Original jurisdiction in case of Pedro J. Rodriques v. Commonwealth of Pennsylvania, Pennsylvania Board of Probation and Parole.
Pedro Juan Rodriques, petitioner, for himself.
Stephen J. Mascherino, Assistant Attorney General, Robert A. Greevy, Assistant Attorney General, and Edward G. Biester, Jr., Attorney General, for respondent.
President Judge Bowman and Judges Crumlish, Jr., Wilkinson, Jr., Mencer, Rogers, Blatt, DiSalle, Craig and MacPhail. Opinion by Judge DiSalle.
This is a Petition for Review challenging the action of the Pennsylvania Board of Probation and Parole (Board) in recomputing the sentence of Pedro J. Rodriques (Petitioner), a convicted parole violator. The Board has filed preliminary objections seeking to have the petition dismissed.
On October 24, 1974, the Honorable William W. Caldwell of Dauphin County sentenced Petitioner to a term of indeterminate to six years for the offense
of robbery, with an effective date of August 20, 1974, and a maximum expiration date of August 20, 1980. Petitioner was paroled on March 18, 1976, after serving approximately one year and seven months. He was arrested on December 22, 1976, for armed robbery, convicted, recommitted as a convicted parole violator, and subsequently sentenced, again by Judge Caldwell, to a term of five to fifteen years.
In recomputing his original sentence, the Board disallowed Petitioner credit for time spent on parole and extended the maximum expiration date from August 20, 1980 to January 13, 1982, an increase of almost one and one-half years. We have held that in recomputing a convicted parole violator's sentence, the Board may constitutionally deny him credit for time spent on parole. Young v. Pennsylvania Board of Probation and Parole, 29 Pa. Commonwealth Ct. 268, 370 A.2d 813 (1977); Kuykendall v. Pennsylvania Board of Probation and Parole, 26 Pa. Commonwealth Ct. 234, 363 A.2d 866 (1976). Accordingly, the denial here was proper. However, in extending the expiration date of Petitioner's original sentence nearly one and one-half years, when Petitioner spent less than one year on parole (from March 18, 1976 to December 22, 1976), the Board obviously erred, and must amend its records to reflect that error.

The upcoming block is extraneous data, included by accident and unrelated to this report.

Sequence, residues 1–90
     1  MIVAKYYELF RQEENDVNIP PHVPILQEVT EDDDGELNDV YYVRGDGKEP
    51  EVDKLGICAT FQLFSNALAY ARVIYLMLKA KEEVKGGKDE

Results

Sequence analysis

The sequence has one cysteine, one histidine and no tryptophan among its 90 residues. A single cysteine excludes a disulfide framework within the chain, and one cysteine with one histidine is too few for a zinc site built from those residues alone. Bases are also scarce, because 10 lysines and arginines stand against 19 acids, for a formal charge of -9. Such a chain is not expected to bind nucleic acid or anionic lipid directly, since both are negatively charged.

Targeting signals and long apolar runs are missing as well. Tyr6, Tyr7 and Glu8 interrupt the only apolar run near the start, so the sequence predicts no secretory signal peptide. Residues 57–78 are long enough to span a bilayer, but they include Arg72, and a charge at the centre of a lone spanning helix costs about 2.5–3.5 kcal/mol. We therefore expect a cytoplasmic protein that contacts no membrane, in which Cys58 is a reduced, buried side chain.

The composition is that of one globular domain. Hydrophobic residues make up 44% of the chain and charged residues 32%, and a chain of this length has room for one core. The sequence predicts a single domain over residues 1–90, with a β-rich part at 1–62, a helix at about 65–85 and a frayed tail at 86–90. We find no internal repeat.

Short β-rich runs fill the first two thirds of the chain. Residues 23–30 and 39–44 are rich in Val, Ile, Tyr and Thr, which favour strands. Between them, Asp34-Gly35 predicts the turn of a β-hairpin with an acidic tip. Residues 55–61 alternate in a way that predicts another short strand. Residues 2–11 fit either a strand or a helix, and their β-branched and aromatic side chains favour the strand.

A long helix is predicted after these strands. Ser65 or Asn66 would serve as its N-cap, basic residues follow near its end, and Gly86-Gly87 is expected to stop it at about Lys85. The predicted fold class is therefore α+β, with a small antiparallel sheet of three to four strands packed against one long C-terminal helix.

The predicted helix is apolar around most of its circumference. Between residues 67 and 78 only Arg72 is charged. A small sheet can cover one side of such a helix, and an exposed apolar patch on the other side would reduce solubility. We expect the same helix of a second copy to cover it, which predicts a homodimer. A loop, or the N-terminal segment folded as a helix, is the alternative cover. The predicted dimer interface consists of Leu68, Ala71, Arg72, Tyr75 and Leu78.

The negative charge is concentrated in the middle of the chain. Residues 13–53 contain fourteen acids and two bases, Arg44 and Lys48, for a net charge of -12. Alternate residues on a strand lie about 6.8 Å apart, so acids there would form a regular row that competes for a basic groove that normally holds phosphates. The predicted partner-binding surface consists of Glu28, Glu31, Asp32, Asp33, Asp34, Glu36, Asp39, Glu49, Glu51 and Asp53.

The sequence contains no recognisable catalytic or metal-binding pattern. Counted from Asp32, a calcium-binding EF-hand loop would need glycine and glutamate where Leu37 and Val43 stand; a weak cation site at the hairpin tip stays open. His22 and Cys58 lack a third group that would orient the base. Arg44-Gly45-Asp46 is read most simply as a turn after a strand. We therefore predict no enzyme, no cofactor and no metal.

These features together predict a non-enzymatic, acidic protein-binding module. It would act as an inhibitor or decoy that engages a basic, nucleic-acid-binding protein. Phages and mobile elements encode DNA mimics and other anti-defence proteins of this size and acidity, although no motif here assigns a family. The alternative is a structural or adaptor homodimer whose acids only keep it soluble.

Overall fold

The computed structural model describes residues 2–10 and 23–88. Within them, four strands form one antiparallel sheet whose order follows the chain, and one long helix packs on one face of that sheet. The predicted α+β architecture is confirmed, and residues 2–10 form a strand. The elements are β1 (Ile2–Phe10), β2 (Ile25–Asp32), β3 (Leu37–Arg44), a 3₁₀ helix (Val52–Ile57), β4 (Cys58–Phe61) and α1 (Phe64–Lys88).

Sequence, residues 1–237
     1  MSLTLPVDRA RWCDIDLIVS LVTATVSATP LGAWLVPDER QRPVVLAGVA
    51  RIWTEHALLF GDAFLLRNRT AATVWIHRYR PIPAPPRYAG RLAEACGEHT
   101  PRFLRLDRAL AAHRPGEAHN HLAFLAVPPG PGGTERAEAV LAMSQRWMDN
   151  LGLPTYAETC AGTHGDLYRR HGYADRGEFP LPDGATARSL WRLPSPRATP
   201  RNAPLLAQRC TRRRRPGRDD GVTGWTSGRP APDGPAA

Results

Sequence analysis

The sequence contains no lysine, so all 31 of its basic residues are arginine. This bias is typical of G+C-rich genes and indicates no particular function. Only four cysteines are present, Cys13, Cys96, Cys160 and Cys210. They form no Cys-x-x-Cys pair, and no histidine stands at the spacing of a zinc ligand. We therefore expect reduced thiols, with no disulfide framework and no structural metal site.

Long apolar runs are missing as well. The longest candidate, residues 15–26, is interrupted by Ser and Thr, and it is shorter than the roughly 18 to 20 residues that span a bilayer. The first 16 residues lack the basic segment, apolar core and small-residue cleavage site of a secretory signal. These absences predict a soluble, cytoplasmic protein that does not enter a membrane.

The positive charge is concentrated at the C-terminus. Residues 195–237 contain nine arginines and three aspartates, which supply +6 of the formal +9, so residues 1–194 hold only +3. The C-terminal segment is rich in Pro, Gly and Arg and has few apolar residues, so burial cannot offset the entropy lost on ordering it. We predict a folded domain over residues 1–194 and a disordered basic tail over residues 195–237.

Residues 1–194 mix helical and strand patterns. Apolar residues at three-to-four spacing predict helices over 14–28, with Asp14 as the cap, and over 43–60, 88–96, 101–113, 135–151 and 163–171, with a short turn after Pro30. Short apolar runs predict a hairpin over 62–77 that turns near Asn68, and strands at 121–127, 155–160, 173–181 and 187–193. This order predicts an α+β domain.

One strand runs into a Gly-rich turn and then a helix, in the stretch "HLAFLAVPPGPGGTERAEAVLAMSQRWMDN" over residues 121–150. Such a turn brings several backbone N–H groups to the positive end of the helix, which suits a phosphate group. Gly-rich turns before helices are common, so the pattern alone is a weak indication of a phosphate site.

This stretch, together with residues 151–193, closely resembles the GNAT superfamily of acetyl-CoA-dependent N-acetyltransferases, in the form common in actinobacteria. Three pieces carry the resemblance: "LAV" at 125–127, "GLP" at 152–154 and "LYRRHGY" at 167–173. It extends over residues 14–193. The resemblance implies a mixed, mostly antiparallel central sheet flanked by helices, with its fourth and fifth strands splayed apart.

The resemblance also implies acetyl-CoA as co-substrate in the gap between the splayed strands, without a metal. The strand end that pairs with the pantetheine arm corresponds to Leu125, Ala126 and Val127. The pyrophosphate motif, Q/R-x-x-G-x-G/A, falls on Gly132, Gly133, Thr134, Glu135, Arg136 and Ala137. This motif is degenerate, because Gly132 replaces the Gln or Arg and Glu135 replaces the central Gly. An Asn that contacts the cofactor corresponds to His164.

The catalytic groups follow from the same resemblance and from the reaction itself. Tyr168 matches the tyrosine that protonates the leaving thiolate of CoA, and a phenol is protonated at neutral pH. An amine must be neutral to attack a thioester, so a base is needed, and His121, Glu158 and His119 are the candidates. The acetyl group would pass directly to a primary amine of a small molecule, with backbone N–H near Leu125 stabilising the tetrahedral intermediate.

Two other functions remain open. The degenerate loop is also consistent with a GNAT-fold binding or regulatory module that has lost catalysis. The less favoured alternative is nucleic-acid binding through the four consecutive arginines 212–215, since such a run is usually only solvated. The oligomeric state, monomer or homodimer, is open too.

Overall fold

The Board has also indicated that Petitioner is to serve the balance of his original term before beginning service on his new term. Petitioner argues that since Judge Caldwell did not state otherwise, Pa. R. Crim. P. 1406(a) requires that the sentences run concurrently, not consecutively. That rule provides that "whenever a sentence is imposed on a defendant who is incarcerated for another offense, such sentences shall be deemed to run concurrently unless the judge states otherwise." However, this Court has consistently held that Section 21.1(a) of the Act of August
[ 44 Pa. Commw. Page 716]
, 1941, P.L. 861, added by Section 5 of the Act of August 24, 1951, P.L. 1401, as amended, 61 P.S. § 331.21a(a), deprives a sentencing judge of the authority to impose concurrent sentences upon a convicted parole violator who has been ordered to be recommitted, and mandates that service of the original term precede the commencement of the new term. Young v. ...